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CURRENT ISSUE:  November 21, 2011
VOL. 49, NO. 20   •   Oakland, CA
Other front page stories
 
Crèche Festival set
for December 9-11

 
Reviewing changes in
the new Roman Missal

 
Guadalupe pilgrimage,
Mass Dec. 3
Advent, a time of waiting for the light
 

What is Advent?
Beginning the Church’s liturgical year, Advent (“ad-venio” in Latin or “to come to”) is the season leading up to the celebration of Christmas. It is the beginning of the Church year; this year, Nov. 27. The Advent season is a time of preparation that directs our hearts and minds to Christ’s second coming at the end of time and also to the anniversary of the Lord’s birth on Christmas. Advent devotions remind us of the meaning of the season. Special Advent devotions include the lighting of the Advent wreath; the Advent calendar which helps remind us of the season with daily thoughts and activities; Advent prayers that prepare us spiritually for the birth of Jesus Christ. The Advent wreath, with a candle marking each week of the season, is a traditional symbol of the liturgical period. Four lit candles are set in a wreath. One candle is lit each Sunday leading up to Christmas.

Advent, a season rich with holy days and holidays, is a time of anticipation. The four-week preparation for Christmas begins Nov. 27.

Those who keep the tradition of an Advent wreath will light the first of its four candles that night.
Many parishes are offering workshops to create wreaths and other symbols of the season. Check parish bulletins to find out when and where. Many will also have speakers during the season, as preparations are made for Christmas.

Wreaths, candles, calendars and readings are part of Advent.
JOSÉ LUIS AGUIRRE PHOTO
Advent is something of a time-out amid the secular countdown of Christmas shopping days. It is also a time when some families may bring some special objects into their homes to remind them of the anticipation of Christmas.

It is a time of tradition: Advent wreath, candles and calendars. It can also be a time for creativity and individuality.

“When you think about Advent, you think about waiting,” said Carlo Busby, who with his wife Mary, owns Sagrada, the sacred arts store in Oakland’s Temescal District. On that wreath, which is usually placed prominently on the family altar or dining room table, people can “put things on it they’re waiting for, hoping for. These days, a lot of people are waiting for a job.”

“Or health,” added Mary Busby.

“The darkness piece is prominent,” she added, “the descent to darkness, the blessings of benign darkness. What wisdom is found in that journey? These symbols offer the opportunity to contemplate that there is mystery in life. Advent is a chance to stop for a minute: Where is wisdom speaking in my life?”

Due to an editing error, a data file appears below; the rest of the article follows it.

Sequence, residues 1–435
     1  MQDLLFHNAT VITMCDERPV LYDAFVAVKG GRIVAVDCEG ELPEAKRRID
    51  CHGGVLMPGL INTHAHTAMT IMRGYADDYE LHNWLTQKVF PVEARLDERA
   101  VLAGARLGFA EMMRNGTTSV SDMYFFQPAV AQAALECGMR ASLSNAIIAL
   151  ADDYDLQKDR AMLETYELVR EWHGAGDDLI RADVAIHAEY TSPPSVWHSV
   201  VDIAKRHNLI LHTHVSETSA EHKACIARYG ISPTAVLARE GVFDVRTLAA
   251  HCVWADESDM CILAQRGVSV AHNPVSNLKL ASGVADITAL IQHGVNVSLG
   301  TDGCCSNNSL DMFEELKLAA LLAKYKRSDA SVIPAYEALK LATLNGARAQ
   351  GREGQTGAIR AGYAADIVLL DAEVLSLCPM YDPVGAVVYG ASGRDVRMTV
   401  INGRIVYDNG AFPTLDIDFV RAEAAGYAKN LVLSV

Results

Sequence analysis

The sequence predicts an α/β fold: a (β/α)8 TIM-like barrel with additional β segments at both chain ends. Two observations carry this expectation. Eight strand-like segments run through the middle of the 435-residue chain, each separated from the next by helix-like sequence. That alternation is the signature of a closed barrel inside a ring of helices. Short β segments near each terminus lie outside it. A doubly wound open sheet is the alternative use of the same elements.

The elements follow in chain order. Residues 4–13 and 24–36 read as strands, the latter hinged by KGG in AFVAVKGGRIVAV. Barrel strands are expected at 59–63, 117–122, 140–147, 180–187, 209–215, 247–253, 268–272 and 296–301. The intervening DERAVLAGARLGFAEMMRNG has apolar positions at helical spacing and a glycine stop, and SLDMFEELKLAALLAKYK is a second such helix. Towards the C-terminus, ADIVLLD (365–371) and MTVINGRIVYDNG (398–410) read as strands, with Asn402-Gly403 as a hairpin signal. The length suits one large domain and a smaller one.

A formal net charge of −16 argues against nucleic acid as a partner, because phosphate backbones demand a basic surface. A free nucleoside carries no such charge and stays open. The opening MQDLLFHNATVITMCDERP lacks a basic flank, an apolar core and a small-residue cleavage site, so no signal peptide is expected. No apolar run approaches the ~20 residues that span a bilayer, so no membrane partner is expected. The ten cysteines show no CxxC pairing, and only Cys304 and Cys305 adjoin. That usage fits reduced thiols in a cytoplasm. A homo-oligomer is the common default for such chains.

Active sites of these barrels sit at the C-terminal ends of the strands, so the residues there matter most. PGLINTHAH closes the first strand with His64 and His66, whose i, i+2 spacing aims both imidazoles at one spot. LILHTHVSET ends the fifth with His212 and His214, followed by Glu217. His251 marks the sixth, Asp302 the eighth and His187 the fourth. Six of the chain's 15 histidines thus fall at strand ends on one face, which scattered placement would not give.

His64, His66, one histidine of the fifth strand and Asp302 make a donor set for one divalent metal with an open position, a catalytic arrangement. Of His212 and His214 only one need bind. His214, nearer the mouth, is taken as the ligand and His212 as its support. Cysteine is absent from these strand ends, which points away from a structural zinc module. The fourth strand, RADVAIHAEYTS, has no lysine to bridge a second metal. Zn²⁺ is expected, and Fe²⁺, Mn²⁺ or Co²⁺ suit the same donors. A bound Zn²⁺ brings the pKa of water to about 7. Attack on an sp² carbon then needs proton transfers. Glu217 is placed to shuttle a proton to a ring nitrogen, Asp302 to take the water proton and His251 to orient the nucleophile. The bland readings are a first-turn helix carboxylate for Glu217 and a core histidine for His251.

Beyond the child’s pleasure in using an Advent calendar to count down the days before Christmas, there is another way to look at that calendar. Mary Busby points out on the calendar all the events of the season: the Feast of Our Lady of Guadalupe, the Feast of the Immaculate Conception, and the saints whose feast days are celebrated during that month. She called them “the little stations along the way.”

Those stations along the way also are prominent in the Advent activities at the Cathedral of Christ the Light. Father Ray Sacca, rector of the Cathedral, said that the Dec. 3 diocesan pilgrimage of Our Lady of Guadalupe ends with Mass at the Cathedral, and noted the events, talk and concerts around the Crèche Festival Dec. 9-11.

New to the Cathedral this year will be the Dec. 14 kickoff of the traditional Filipino celebration of Simbang Gabi. Mass will be celebrated at 7 p.m. in the Cathedral, followed by traditional Filipino food and music. The event is scheduled to end at 9 p.m.

At the Cathedral Shop, next to the cathedral of Christ the Light, manager Michele Zaugg and designer Sue Cuneo have set up a display of Advent wreaths, calendars and reading. The newer wreaths offer simple images of Holy Family.

Among the Advent calendars is one that includes Divine Chocolate, a Fair Trade product farmed in Ghana and processed in Germany.

“Advent is a big thing to us,” said Lee Maurice, owner of Glad Tidings, a book and gift store in Pleasanton. Her store stocks about 30 Advent wreaths, she said, and she has noticed that people are buying early and more frugally.

That can mean a family makes its own Advent wreath, often decorating a simple wire frame. She has seen families give their children the chance to decorate the wreath and personalize it for the family. She has seen wreaths made of salt dough and even felt.

“People do like to incorporate children into Advent,” she said. “It’s not just about the presents. It’s building up to a celebration of Jesus’ birth.”

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